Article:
Background: Genital HSV-1 has emerged as the most common cause of first episode genital herpes in the last few decades. We examined trends in etiology of first episode genital HSV infection in a 21-year period and determined risk factors for genital HSV-1 infection.
Methods: Using an electronic database, we identified persons who visited Public Health – Seattle & King County STD Clinic from 1993 through 2014 with genital ulcers. We selected persons who reported a first episode genital ulcers with a positive genital HSV culture. Poisson regression was used to determine risk factors for first episode genital HSV-1 versus HSV-2 infection.
Results: Of 52,030 patients with genital ulcers, 3,199 patients had culture-proven first episode genital HSV infection: 1,059 (33%) with HSV-1 and 2,140 (67%) with HSV-2. Overall, 1213 (37.9%) of patients with first episode genital HSV were female. The median age was 27 (range 13-81). 1959 (61.2%) of the patients were white, and 1344 (42%) were men who have sex with men. Over time, the number of cases of HSV-2 has declined 6% per year, from 223 cases in 1993 to 39 cases in 2014 (RR=0.94, 95% CI=0.93-0.95) while the number of cases of HSV-1 remained stable at ~50/year (RR=1.0; 95% CI: 0.99-1.01). Among patients with first-episode genital HSV, age <30 years (RR=1.39; 95% CI: 1.19-1.62), white race (RR=3.06; 95% CI: 2.4-3.91), and reporting same-sex partners (RR=1.63; 95% CI: 1.11-2.41) were associated with genital HSV-1 infection. Men were less likely to be infected with HSV-1 than women (RR=0.64; 95% CI: 0.51-0.8).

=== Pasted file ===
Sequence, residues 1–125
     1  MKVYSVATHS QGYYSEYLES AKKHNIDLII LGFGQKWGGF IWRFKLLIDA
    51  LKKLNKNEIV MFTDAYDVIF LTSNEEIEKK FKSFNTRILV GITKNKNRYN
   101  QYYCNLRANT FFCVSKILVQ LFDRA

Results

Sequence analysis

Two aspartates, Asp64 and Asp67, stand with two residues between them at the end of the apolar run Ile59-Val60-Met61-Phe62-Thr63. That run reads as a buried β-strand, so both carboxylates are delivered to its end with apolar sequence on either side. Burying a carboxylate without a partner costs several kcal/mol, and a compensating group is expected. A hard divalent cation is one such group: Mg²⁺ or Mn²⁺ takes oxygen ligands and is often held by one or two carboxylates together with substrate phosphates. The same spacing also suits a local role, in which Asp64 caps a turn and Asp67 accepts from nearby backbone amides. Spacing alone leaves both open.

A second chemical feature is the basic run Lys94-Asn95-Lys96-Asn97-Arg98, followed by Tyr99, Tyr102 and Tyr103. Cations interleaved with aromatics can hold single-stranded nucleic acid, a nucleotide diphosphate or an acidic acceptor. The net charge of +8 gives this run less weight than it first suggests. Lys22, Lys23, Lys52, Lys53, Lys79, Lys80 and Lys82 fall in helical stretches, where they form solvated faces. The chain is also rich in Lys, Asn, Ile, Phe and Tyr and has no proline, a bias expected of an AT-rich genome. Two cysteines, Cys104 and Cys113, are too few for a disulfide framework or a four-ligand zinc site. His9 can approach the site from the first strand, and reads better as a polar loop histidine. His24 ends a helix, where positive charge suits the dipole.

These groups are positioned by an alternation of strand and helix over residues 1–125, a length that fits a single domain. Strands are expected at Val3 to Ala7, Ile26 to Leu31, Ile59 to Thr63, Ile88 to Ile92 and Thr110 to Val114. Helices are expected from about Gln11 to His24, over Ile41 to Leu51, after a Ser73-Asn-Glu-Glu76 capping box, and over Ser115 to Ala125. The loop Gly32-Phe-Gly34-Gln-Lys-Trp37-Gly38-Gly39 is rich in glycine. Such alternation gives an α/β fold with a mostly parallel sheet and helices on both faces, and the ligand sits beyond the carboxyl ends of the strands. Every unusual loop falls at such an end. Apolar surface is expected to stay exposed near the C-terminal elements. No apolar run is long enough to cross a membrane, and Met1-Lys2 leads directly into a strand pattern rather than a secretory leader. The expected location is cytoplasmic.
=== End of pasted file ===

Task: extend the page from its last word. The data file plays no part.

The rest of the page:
Conclusions: There has been a significant decrease in first episode genital HSV-2 over the last twenty years, with a stable number in cases of first episode genital HSV-1, resulting in an increased proportion of cases attributed to HSV-1. Understanding changing epidemiology in genital HSV infection may inform prevention strategies.